I know these are expensive add-ons to the Equinox, but it really does put it in a better class. Driving around a regular Equinox is all well and good but having all the extra features with the LTZ makes it a more than bearable family hauler.

The Drive:

The drive in the Equinox wasn’t exactly exhilarating, but it worked out well for a daily family car. Although being powered by a 264 horsepower V6 this AWD SUV almost felt under powered; not sure how the FWD 4 cylinder would hold up. The fuel economy in the V6 is rated at 24 mpg highway and 18 mpg city, and the 4 cylinder is rated 32 mpg highway and 22 mpg city. Our average, for the time we drove the Equinox was 22 mpg which we found great for an AWD V6 SUV. The suspension keeps the ride flowing well even on bumpy back roads and the cabin stays devoid of road noise and wind noise thanks to a new windshield design and more noise reduction. As we drove through the snow, we really got a good feel of what the traction control and AWD could do. Power was cut and corrected at any hint of slipping tires, and the grip easily pulled us through any situation. Its not an enthusiast car, but there is one little button that can help with those circumstances: the traction control off button. Push that button, disabling the traction control, when in a large open parking lot and it’s easy to have some fun – or so we hear.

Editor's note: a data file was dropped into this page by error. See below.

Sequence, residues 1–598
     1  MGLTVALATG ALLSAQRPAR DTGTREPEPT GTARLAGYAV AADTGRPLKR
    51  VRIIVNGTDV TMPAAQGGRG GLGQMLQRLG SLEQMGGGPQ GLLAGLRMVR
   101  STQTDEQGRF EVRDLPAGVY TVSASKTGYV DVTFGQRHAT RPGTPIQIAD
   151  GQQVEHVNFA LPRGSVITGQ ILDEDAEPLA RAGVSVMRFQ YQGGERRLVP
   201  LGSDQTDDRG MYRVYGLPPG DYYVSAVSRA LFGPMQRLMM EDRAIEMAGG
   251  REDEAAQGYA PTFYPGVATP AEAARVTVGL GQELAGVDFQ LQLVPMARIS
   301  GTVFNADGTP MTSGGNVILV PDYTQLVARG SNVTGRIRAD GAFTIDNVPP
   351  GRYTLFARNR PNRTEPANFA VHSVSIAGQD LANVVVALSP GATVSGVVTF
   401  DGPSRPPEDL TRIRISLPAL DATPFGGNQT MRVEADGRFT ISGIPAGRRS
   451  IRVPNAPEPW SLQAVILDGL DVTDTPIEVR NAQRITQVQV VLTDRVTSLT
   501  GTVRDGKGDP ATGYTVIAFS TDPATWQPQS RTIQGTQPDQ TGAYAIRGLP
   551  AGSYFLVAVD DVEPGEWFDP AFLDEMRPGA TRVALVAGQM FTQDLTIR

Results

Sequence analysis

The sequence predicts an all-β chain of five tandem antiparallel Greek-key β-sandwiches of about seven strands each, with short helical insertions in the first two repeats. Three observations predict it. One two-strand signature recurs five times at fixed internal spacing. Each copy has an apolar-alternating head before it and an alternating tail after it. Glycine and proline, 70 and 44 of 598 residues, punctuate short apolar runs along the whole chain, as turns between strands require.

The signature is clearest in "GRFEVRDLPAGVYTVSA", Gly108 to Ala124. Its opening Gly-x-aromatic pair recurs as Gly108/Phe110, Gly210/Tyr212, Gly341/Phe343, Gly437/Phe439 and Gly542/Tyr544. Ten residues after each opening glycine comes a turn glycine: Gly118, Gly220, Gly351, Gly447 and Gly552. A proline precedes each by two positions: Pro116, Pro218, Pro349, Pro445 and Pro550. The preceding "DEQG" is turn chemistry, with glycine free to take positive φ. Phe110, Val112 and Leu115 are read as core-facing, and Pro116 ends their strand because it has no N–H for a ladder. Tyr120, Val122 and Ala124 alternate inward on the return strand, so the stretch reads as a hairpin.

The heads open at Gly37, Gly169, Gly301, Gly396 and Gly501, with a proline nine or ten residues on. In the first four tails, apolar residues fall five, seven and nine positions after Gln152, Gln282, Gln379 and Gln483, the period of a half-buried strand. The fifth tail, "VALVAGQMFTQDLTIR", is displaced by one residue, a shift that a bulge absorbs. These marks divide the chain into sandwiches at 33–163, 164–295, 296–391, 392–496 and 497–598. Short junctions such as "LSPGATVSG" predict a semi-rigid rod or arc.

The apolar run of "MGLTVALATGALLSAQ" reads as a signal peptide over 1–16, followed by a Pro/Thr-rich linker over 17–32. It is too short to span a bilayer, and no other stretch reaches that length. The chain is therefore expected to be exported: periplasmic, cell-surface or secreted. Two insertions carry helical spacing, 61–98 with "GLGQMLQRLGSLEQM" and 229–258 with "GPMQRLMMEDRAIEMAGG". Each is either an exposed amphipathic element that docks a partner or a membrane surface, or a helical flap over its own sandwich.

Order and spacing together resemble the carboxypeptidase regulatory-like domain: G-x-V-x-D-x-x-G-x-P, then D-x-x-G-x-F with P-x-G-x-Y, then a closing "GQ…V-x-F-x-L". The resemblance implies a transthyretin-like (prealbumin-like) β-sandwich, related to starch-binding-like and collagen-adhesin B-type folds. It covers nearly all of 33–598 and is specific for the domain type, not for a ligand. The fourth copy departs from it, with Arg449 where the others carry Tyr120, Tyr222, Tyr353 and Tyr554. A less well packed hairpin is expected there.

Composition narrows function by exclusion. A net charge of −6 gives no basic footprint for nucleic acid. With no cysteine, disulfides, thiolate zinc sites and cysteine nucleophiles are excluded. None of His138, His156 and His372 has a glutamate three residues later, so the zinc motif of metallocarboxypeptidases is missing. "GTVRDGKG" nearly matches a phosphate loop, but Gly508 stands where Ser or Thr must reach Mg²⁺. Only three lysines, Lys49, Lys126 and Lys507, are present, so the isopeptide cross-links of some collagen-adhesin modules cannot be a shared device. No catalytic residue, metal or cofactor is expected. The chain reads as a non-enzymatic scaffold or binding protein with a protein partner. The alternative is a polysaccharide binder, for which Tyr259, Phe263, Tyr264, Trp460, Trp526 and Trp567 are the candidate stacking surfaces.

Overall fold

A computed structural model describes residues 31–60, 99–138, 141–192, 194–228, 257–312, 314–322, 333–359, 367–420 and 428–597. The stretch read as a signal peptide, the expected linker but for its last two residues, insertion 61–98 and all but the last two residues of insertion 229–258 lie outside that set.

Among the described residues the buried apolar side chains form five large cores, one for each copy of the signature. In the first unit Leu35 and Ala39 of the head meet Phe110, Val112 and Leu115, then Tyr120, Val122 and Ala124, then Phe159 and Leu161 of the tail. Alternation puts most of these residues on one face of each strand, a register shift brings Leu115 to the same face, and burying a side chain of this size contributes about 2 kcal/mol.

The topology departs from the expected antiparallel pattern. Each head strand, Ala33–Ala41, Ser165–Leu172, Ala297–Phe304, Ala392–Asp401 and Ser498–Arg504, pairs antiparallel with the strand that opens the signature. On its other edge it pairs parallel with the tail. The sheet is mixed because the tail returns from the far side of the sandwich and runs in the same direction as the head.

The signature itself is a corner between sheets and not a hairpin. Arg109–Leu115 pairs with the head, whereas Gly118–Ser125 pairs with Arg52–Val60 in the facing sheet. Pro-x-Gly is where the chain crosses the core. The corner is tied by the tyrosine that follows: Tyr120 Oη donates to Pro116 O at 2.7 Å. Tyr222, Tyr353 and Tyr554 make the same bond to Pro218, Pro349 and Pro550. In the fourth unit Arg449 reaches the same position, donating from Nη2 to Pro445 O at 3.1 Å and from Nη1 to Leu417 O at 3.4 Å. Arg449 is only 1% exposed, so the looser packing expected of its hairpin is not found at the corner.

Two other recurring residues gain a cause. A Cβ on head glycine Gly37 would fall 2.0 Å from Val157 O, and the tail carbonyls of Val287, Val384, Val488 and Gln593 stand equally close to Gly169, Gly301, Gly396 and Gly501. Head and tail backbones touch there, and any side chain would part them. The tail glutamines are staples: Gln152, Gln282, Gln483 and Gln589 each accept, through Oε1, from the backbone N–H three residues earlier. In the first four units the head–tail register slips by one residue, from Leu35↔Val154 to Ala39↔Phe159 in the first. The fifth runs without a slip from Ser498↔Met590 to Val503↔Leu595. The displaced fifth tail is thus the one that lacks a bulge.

Boiled Down:

When you boil it all down, the new Equinox is a hit in our book, as far as five passenger SUV’s go. The looks are great, the technology is top notch, the ride works well in the real world, the price is decent, and the fuel economy is ample for an SUV. Living in Texas, our SUVs are important to us and I really think that Chevy did a great job on this refresh.

Adam Moore

Adam was one of the founding members of txGarage back in 2007 when he worked for a Suzuki dealership in Dallas, TX. He is now our Publisher and Editor-in-Chief. He's always been into cars and trucks and has extensive knowledge on both. Check Adam out on twitter @adamaoc.